The Fullerton City Council is responsible for the redistribution of wealth within their City Hall.
The Fullerton City Council will oversee about $300-million in expenditures for fiscal year 2010-2011.1 One-third of the budget is allocated for Redevelopment Agency use, while the remaining 2/3, or $200-million, are for the general operation and maintenance of the City. Let’s look at that one-third or $100-million.
The City budget breaks down the source of the Redevelopment Agencies money into two areas. First is the beginning balance rolled over from last year, which is $86.1-million. The roll-over is from the previous year’s tax-increment (that portion of property tax revenue above what was typically collected before the establishment of the Agency’s zone), and bond revenue. The second source of revenue is this year’s tax-increment, estimated at $16.6-million.
Those sources are very non-descript and deserve a little more attention. Let’s look at who pays the tax-increment and why.
|Fullerton Redevelopment |
Project Area 3
As if that wasn’t bad enough, it gets worse. Let’s look at Fullerton Redevelopment Agency’s Project Area 3. This area is bounded on the North by Rolling Hills Drive, on the West by State College Blvd, on the South by Chapman Ave., and on the East by the 57 FWY and portions of Placentia Ave. Most of the area is Cal State Fullerton property under the jurisdiction of the State, not the City of
. That means there is no property tax collected on the State-owned portion. There are a number of large homes which are considered blighted. Or are they? Fullerton
Notice the homes in the north and westerly areas of this image.
Most of these homes are in the $500,000-$1-million range and yet they
are all blighted.
The objective outlined for Project Area 3 is simple: Cooperate with Cal State Fullerton in efforts to enhance the Arboretum and in university district planning. So, prior to consolidation, the tax-increment collected from all of those nice homes would go to supporting an arboretum and university district planning. I had to write that a second time to get it to sink in. All of those home owners paying property taxes to support those two endeavors. Many of those homes were built after the Project Area was created, meaning that all or nearly all of the property taxes collected will go to the Redevelopment Agency and NOT to police, fire, education, and infrastructure. Now that the project areas are merged into one mega project, the property taxes collected from those nice homes in the hills are going towards funding low- to moderate-income housing programs as well as small business loans.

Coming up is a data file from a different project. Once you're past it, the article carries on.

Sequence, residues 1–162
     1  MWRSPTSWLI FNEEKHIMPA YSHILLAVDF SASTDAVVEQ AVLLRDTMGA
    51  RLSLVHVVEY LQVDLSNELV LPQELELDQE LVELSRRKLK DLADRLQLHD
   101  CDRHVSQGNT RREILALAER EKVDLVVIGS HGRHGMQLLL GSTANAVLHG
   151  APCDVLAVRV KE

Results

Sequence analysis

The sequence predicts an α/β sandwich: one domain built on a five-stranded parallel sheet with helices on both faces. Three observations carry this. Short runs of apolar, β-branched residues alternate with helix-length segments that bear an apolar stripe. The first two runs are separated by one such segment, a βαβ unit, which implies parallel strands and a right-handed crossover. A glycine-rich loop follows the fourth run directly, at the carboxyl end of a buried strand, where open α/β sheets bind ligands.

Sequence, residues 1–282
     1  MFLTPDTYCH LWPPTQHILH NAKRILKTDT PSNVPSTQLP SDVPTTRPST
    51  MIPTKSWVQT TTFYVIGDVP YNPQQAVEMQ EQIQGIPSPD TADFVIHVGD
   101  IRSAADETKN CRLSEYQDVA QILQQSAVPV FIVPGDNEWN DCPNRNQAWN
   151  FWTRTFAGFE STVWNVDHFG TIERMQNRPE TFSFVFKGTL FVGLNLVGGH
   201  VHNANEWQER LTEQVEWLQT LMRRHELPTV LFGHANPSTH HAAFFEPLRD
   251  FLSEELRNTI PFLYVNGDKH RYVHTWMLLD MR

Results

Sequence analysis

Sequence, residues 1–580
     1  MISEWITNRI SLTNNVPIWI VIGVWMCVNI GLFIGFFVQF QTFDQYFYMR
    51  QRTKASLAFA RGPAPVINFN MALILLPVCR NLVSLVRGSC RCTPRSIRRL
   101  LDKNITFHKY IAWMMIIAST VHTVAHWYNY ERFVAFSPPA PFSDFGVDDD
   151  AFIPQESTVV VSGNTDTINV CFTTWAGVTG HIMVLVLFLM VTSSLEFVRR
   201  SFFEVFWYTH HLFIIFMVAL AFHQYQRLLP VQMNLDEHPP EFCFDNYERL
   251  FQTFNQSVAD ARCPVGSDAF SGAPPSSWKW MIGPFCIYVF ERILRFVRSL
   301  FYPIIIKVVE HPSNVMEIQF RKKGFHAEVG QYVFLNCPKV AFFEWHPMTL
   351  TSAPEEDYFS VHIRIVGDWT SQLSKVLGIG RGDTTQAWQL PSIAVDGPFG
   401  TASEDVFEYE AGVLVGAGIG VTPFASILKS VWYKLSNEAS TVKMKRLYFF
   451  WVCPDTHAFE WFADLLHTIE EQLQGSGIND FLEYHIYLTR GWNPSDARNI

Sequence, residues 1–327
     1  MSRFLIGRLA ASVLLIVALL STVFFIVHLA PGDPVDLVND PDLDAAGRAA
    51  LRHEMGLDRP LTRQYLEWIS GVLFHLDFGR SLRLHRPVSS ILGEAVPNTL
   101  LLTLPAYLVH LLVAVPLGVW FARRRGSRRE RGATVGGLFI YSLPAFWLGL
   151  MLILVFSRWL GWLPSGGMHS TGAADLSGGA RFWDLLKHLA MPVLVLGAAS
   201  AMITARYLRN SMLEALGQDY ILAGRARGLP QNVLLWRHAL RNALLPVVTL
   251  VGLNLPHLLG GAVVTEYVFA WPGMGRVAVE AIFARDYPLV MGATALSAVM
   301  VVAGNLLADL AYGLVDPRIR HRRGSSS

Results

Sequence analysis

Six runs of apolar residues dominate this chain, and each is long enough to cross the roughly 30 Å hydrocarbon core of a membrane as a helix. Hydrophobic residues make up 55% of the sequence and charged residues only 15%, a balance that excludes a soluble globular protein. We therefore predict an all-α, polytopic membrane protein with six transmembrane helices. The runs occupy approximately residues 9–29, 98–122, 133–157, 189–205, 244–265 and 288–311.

What makes things worse, yes worse, is that on one hand Redevelopment Agency staff is saying we have a shortage of low-income housing and on the other hand we are pushing low-income families out of the City.
I have written and rewritten about the Orange County Register’s story on the Fullerton Redevelopment Agency blowing $22.7-million to redistribute
wealth many times. You can read the original OC Register story here. Fullerton
In essence, the Agency evicts families from very low-income and low-income apartments, bulldozes the apartments, and rebuilds nice condos for qualified moderate-income families. It would be much like rounding up all of
’s homeless, giving them some money, and dropping them off in another city. It’s unethical and doesn’t actually solve the problem. Fullerton
The Fullerton Redevelopment Agency is now a lumbering beast of debt and growing power that robs from the tax payers and gives to companies specializing in redevelopment projects. The Agency is constantly growing its sphere of influence but for what purpose? Officially the Agency exists to remove blighted conditions. Blight exists because the City of
has long ignored the graffiti, crime, and slum conditions. The City of Fullerton should have been citing land lords at the first sign of a violation of the municipal code. The City of Fullerton should have maintained the streets, sidewalks, and parkways. The Police Department should have been more proactive in preventing crime. Fullerton
Of course it’s easy to sit back and Monday night quarter back the path our elected leaders have been taking us down for years. Determining the best path out of this mess is a little more problematic. It will first require that our City Council realize that it is time to pull the plug on the redevelopment machine. It will require strong leadership from people who care about the long-term wellbeing of our city and are not afraid to walk alone.
It will help to have the support of the public employee associations which should be easily garnered since they stand to directly benefit the most from the dismantling of the Redevelopment Agency. The Agency has been bleeding the other departments for years.
Borrowing from Lincoln, City Hall should be a government of the people, by the people, for the people.